Terrence Hayes Brings Etheridge Knight into Focus
We can't recommend enough tonight's event at NYU: Terrence Hayes will deliver his Bagley Wright Lecture entitled "Three Acts of Love: ‘As You Leave Me,’ ‘Upon Your Leaving,’ and ‘Feeling Fucked Up.'" As mentioned in a recent profile, the series commissions poets to develop and deliver public lectures about poetry to national and international audiences. Terrence Hayes's lecture will be all about Etheridge Knight. In the meantime, Paris Review Daily delivers this preview of Hayes's lecture:
Who was Etheridge Knight, and why should he be of interest to me, or more important, to you? Knight himself thought it was enough simply to say, on the back of his 1968 debut collection, Poems from Prison, “I died in Korea from a shrapnel wound, and narcotics resurrected me. I died in 1960 from a prison sentence and poetry brought me back to life.” If you’ve read anything about him, you’ve likely encountered these lines. Just behind their resurrectional vibe are several unwritten chapters in the biography of a talented, ex-con, con man, blues-blooded rambling romantic.
Knight died in 1991. He was born in 1931 in Corinth, Mississippi, a town founded only about around eighty years before his birth. Thus the “ancestors” of his most anthologized poem, “The Idea of Ancestry,” only go back not to Africa but to his grandparents. The Cozarts on his mother’s side of the family counted themselves among the town’s founders; they were landowners, cotton farmers, entrepreneurs, musicians, and storytellers. His father, on the other hand, was a laborer from Ramer, Tennessee, a smaller-than-small town twenty minutes from Corinth. According to Eunice, Knight’s younger sister, their mother, Belzora Cozart, didn’t know a thing about being poor until she married Etheridge Bushie Knight, and then moved with their children nearly two hundred miles north to Paducah, Kentucky, when he took a job working on the Kentucky Dam. Knight was just a boy at the time, but as he writes in “The Idea of Ancestry,” “the brown hills and red gullies of Mississippi” were already calling him back with “their electric messages, galvanizing [his] genes.”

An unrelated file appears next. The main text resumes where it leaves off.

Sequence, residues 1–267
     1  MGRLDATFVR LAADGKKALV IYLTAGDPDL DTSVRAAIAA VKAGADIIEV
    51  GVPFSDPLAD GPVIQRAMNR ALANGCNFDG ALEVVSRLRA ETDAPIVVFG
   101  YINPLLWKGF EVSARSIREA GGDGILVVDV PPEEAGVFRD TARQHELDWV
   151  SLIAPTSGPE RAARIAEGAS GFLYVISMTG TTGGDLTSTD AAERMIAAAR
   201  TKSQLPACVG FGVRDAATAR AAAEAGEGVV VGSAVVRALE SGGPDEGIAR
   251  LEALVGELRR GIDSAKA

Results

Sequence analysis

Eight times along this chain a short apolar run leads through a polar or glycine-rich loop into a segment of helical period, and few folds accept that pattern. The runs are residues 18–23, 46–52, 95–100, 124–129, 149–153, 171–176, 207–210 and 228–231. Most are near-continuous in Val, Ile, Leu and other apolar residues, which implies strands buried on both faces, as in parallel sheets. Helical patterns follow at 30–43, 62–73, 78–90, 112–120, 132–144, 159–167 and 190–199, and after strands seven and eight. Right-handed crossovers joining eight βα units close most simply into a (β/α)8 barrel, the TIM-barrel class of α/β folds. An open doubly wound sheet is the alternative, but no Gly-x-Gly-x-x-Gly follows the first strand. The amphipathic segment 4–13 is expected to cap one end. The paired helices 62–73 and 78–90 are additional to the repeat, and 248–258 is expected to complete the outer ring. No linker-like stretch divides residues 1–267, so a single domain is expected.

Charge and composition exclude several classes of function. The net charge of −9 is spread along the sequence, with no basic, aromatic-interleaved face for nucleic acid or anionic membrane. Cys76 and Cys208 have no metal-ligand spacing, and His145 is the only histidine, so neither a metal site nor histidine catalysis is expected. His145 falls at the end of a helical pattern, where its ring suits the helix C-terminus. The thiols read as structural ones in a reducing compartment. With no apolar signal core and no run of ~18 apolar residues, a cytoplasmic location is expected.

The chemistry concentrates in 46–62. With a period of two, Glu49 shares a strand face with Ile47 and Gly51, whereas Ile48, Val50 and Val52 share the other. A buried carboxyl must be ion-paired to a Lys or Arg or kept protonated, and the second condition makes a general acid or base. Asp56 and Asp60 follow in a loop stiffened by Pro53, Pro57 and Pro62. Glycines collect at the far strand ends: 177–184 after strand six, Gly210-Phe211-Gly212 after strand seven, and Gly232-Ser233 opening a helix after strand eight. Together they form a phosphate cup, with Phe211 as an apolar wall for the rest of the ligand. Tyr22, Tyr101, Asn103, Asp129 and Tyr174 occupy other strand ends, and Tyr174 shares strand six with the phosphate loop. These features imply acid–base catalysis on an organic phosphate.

He returned often to the place he considered his true home. As a boy, Junior, as the family called him, was shocked by the racism he encountered in Paducah, as Eunice told me when I interviewed her in 2005. (She died in 2013.) “Balcony of movie house, back of class with raggediest books, restrooms marked colored. But in Corinth, he went anywhere he wanted because he was Mr. Cozart’s grandson … He ran back to Mississippi.”[...]
Read more at Paris Review Daily and see you tonight at 5!